Islander Bahama 28
Islander Yachts launched the first Robert H. Perry-designed Islander 28 in July 1975, and over the next 10 years, the company, based in Costa Mesa, California, produced some 430 of the standard model plus about 25 of a variant called the Bahama 28.
I purchased Dog Days, a 1981 Islander Bahama 28, in August 2000 and sailed her for 10 years in the San Francisco Bay region. I was attracted to the boat by its raked bow, pretty sheer, reverse transom, and the way the lines of the cabin and its features blend well with the hull.
On top of being a real eye-catcher, the boat, with its 5-foot-6-inch draft and 3,300 pounds of ballast, sails beautifully, tracks well, and responds quickly to the helm. The standard model sails just as well with a 5-foot draft, and owners of the 4-foot shoal-draft keel option also praise its excellent handling.
The hull shape was influenced by the then-popular International Offshore Rule, but the 10-foot beam was unusually broad even then for a boat of this size. The configuration makes for a boat that’s fast and stable in a breeze and also sails well in light air.
The I-28 is masthead rigged. Its deck-stepped, single-spreader mast is stayed with cap shrouds, forward lower shrouds, a headstay, and a split backstay, and it’s supported by a steel compression post that stands on a wooden 4- by 4-inch beam resting on the keel. The shroud chainplates are located inboard on the wide side decks and secured to bulkheads.
The midboom mainsheet leads to a traveler mounted on the cabin top. Dog Days is equipped with two Lewmar 30 self-tailing primaries, two Lewmar 30 spinnaker winches, and three additional Lewmar 8 winches installed on the cabin top by her first owner.
The I-28 was the first Islander model built with a modular interior. The teak components were fabricated in the mill, assembled outside the boat, and installed in the hull before the deck was fitted. Hank McCormick, the head of marketing at Islander Yachts, strongly influenced the design of the interior with its stained-oak countertops, wicker-fronted teak cabinet doors, and a bulkhead-mounted folding saloon table.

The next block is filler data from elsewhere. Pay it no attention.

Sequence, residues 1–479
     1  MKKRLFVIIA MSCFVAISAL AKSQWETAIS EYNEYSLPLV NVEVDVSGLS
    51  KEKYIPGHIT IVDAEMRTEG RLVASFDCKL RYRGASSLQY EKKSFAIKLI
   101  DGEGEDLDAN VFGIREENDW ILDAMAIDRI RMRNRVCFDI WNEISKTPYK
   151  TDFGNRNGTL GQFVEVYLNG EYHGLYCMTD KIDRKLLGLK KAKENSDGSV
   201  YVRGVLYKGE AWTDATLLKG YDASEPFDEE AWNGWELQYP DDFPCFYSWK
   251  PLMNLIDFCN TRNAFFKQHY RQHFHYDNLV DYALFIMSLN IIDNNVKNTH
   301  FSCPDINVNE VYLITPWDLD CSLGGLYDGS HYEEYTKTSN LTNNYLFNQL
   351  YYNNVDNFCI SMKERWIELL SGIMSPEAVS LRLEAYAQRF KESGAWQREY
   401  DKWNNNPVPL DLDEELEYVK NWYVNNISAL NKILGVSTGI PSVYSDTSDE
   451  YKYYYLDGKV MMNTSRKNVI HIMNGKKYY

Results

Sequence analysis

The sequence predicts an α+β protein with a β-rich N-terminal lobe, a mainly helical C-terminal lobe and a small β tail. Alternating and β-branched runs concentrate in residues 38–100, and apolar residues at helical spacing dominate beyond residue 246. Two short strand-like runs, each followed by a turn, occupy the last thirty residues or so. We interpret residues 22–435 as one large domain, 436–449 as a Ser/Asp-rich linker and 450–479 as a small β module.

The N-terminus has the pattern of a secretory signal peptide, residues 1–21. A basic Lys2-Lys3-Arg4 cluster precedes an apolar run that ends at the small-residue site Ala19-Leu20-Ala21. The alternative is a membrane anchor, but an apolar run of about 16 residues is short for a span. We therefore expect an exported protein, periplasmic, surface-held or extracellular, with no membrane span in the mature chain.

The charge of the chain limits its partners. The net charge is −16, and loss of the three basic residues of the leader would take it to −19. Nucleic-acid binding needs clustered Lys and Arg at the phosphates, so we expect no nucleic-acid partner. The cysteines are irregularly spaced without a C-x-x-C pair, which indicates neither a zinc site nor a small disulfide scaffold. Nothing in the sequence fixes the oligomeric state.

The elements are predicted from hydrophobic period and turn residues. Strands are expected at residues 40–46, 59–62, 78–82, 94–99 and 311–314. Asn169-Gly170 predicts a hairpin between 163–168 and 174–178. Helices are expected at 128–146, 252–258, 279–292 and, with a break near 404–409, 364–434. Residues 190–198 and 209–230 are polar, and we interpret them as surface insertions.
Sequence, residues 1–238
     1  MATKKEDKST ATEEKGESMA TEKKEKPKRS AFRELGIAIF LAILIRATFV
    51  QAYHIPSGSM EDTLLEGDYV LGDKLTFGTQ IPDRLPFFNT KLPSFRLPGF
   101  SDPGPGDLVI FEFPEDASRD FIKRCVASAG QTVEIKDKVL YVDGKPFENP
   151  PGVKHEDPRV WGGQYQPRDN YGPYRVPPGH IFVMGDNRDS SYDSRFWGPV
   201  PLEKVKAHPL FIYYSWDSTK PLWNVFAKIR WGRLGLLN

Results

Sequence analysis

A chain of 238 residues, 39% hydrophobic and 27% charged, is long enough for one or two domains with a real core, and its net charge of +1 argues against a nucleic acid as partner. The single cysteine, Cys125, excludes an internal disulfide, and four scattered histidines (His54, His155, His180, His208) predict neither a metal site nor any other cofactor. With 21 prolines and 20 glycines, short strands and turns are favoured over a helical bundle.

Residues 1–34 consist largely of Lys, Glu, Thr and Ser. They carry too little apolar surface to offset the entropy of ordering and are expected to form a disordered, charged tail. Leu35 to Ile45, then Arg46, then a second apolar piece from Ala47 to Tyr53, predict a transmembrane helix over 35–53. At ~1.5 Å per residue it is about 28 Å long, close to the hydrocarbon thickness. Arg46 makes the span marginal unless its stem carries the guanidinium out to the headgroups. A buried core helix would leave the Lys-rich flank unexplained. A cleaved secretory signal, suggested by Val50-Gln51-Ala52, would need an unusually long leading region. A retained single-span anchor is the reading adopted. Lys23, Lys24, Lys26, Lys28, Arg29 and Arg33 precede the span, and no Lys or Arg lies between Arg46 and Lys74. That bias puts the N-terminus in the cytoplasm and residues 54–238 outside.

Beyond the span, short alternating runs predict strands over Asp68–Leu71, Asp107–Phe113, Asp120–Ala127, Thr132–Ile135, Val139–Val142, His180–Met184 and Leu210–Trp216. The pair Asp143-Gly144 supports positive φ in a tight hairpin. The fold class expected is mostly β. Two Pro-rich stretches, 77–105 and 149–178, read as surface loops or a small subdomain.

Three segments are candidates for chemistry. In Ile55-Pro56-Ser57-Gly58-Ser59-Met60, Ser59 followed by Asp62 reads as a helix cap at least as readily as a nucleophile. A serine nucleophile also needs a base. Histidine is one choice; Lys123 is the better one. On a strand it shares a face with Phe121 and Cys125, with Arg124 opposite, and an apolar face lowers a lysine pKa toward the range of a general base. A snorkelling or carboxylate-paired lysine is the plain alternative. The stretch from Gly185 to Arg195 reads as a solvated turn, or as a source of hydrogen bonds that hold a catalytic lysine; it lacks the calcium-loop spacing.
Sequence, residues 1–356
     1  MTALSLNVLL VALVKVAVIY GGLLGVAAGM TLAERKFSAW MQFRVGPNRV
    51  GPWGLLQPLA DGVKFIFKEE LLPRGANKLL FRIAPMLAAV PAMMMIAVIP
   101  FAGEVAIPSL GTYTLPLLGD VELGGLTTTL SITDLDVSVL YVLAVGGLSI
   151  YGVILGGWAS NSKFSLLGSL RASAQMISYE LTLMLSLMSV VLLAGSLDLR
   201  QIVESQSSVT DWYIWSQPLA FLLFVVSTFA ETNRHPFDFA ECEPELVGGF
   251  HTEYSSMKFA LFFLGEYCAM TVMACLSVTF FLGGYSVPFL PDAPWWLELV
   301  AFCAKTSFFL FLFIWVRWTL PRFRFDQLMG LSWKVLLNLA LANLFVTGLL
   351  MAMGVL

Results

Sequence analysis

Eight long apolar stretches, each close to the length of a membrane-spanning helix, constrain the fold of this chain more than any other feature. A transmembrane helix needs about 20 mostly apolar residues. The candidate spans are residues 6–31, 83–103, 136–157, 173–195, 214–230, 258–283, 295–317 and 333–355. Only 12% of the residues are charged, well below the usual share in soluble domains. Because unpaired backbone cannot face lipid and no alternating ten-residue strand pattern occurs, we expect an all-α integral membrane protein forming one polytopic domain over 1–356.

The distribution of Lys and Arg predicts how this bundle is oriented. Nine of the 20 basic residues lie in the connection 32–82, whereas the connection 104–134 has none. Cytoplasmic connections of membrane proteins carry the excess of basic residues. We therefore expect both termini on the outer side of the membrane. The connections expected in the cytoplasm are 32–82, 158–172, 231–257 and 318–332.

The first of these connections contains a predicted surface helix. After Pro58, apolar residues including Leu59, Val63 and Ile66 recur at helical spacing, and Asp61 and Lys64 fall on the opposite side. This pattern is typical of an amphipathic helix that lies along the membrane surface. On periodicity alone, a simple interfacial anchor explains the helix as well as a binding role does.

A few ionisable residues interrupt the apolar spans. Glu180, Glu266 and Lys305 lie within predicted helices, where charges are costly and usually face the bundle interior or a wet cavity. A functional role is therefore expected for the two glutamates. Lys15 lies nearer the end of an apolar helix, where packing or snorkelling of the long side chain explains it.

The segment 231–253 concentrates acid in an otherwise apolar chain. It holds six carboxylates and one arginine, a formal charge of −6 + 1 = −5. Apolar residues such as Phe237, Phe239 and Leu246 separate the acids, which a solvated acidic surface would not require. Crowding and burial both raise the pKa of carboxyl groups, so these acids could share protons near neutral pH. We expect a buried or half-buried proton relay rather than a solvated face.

On the Bahama model, the galley is U-shaped, with the icebox aft, a stove top in the center, and the sink facing the saloon. In the standard model, the galley is L-shaped with the sink aft.
On all models, the head is on the starboard side and has a stainless-steel basin and considerable storage space but no shower. Opposite the head are a bureau and a hanging locker. Storage spaces are located beneath the V-berth and the port settee (the water tank is under the starboard settee) and behind the settees. A 7-foot quarter berth is to starboard. The engine is below the companionway steps, and the fuel tank is under the cockpit sole.
I found only two serious weaknesses on Dog Days. One was water intrusion around the chainplates and stanchions, which could eventually damage the plywood-cored deck.
The other problem common to Islanders is a “smile” that can develop should the leading edge of the keel separate from the hull. I discovered that the keel bolts had rusted in the shallow bilge and couldn’t be tightened. I had to grind off and replace the nuts.
This comfortable and quick coastal cruiser sells for as little as $8,000 to $16,000 and is a stand-out among rival 28-footers of a similar age.
Islander Bahama 28
LOA 27′ 11″ (8.51 m.)
LWL 23′ 1″ (7.04 m.)
Beam 9′ 11″ (3.02 m.)
Draft (standard) 5′ 0″ (1.52 m.)
Sail Area (100%) 361 sq. ft. (33.5 sq. m.)
Ballast 3,000lb. (1,361 kg.)
Displacement 7,000 lb. (3,175 kg.)
Water 20 gal. (75.8 l.)
Fuel 20 gal. (75.8 l.)
Designer Robert H. Perry
James C. Williams now owns a Cabo Rico 36, which he’s sailed for three years on the Eastern Seaboard.